Chances are you’ve gotten a few comments that sort of read like they’re legitimate comments but something just seems off. The problem centers around the fact that there are computer generated comments that read well enough to get around our spam filters. In most cases the program randomly picks text from a large database of many options.
Yesterday, a friend of mine pointed to this comment submitted his WordPress site. In this case, the program messed up and didn’t send just one random message, it sent what looks like all of them. So, if you’re interested in glancing through a nearly 600-line example of all sorts of spam you may receive, you’ll get a better idea of what comment spam looks like.
Here’s a simple thing you can do to speed up your site a bit: Empty your comment spam.
To do this, log into your Dashboard, select the Comments, then Spam at the top of the page. From there, find the Empty Spam button and click it. Depending on how many spam comments you have it might take a full minute, but when done, the page will refresh and your spam count will be reset to zero.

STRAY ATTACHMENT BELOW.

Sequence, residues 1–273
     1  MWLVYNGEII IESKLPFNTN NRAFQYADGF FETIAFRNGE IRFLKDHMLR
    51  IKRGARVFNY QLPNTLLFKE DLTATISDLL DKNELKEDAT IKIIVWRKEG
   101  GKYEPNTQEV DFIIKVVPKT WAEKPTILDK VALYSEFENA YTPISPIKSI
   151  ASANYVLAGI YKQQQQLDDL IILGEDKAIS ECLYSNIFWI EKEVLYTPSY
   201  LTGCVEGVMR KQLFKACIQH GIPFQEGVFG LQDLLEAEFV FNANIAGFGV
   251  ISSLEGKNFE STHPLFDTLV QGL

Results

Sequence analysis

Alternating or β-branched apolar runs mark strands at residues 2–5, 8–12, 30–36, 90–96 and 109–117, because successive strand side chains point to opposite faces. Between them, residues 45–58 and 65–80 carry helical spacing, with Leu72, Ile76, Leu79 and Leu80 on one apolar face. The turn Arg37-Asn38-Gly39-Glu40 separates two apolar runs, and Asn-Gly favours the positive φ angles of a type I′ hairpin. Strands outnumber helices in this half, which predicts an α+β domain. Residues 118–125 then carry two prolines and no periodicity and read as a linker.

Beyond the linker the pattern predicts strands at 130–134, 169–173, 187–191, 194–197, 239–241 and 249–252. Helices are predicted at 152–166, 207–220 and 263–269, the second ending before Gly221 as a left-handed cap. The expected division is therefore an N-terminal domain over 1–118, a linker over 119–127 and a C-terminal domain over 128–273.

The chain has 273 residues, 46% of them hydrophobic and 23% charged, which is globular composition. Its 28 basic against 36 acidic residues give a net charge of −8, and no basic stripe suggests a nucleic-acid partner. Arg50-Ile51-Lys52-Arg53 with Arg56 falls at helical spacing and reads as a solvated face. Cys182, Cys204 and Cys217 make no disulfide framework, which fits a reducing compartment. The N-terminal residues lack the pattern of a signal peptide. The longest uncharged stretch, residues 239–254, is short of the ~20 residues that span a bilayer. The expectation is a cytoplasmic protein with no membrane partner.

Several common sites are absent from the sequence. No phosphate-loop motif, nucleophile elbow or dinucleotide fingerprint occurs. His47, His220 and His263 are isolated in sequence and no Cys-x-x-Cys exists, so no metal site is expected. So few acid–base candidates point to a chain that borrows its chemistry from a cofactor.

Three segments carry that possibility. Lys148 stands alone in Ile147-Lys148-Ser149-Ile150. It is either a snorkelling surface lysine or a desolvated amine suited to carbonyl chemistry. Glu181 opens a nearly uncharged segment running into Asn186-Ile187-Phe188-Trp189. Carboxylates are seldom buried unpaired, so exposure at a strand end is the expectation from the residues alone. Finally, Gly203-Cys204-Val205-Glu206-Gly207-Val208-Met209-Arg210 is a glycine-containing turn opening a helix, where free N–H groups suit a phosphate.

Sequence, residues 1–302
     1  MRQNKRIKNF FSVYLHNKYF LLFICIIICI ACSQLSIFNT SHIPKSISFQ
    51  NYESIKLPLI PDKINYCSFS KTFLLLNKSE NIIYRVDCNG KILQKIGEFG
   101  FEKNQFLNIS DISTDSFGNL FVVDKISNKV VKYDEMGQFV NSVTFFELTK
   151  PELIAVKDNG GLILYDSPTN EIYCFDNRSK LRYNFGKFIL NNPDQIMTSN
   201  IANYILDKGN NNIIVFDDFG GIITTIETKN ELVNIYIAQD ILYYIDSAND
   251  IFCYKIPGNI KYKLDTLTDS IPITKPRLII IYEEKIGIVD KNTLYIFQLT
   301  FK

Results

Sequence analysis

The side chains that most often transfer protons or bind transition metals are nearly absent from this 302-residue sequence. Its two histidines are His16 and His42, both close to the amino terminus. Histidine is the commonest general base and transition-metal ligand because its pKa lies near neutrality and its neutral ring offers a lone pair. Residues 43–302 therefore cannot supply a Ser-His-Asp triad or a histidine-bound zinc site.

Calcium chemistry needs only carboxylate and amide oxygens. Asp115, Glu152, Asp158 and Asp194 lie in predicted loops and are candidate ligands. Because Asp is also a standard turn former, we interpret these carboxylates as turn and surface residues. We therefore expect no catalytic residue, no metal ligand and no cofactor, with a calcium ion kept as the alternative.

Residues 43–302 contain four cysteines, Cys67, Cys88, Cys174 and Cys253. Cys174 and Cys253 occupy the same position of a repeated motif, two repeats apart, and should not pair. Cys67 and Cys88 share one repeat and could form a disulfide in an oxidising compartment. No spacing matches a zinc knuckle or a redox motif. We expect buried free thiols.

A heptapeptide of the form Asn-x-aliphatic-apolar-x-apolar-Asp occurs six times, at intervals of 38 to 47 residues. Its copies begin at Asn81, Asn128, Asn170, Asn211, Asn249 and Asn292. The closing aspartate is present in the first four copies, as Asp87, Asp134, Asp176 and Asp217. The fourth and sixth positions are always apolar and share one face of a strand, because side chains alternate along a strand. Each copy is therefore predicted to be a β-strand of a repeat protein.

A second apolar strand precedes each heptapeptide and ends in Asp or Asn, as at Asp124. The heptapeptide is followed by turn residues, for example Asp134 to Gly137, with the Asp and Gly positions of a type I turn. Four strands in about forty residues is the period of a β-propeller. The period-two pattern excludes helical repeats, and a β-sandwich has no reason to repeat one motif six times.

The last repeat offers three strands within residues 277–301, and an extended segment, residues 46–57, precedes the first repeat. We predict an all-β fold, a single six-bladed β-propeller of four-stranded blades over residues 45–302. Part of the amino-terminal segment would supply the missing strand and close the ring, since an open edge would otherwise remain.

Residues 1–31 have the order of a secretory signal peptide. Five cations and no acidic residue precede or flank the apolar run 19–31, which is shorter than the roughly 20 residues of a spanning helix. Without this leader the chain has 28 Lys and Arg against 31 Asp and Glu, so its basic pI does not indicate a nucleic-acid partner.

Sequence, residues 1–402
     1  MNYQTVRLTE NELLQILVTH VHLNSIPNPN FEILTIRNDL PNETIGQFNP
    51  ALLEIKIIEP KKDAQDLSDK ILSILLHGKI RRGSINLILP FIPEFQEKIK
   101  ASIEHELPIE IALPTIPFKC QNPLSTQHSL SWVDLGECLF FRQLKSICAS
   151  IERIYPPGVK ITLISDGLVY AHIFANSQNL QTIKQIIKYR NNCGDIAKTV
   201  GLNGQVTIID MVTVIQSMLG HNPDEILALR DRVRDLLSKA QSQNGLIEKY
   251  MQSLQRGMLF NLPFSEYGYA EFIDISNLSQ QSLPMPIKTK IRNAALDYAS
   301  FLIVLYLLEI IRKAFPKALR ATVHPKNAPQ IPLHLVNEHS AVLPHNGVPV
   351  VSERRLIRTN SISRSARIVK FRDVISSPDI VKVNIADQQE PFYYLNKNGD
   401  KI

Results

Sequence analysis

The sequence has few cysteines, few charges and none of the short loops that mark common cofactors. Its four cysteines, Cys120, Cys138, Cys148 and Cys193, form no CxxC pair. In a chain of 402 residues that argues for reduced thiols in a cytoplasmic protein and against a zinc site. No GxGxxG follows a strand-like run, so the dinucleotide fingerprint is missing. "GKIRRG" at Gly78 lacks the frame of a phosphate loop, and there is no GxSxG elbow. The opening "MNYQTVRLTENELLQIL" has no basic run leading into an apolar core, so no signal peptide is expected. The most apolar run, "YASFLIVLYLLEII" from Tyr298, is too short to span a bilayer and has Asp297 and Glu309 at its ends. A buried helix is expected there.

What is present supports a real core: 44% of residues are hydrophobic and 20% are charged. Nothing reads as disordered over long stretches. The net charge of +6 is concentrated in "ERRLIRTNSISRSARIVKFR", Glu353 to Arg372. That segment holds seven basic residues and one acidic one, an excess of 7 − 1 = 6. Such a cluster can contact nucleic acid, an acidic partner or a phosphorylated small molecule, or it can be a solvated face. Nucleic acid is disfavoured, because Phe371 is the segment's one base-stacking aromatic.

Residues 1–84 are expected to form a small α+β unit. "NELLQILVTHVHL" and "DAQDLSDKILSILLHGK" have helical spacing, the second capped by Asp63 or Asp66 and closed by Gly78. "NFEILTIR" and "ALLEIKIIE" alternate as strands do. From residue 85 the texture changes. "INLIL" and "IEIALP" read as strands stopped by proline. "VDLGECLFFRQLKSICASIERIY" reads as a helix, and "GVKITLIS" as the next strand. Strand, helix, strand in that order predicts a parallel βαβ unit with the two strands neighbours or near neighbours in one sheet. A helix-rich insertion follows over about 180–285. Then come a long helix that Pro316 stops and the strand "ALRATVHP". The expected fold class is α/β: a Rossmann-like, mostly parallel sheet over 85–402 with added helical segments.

I’ve been testing the Growmap Anti Spambot Plugin on a few other WordPress sites I run and it seems to just about eliminate comment spam that gets through the other measures we’ve installed. So, if you interested you can check out the details through the previous link and then let me know if you’d like me to turn it on for your library’s site.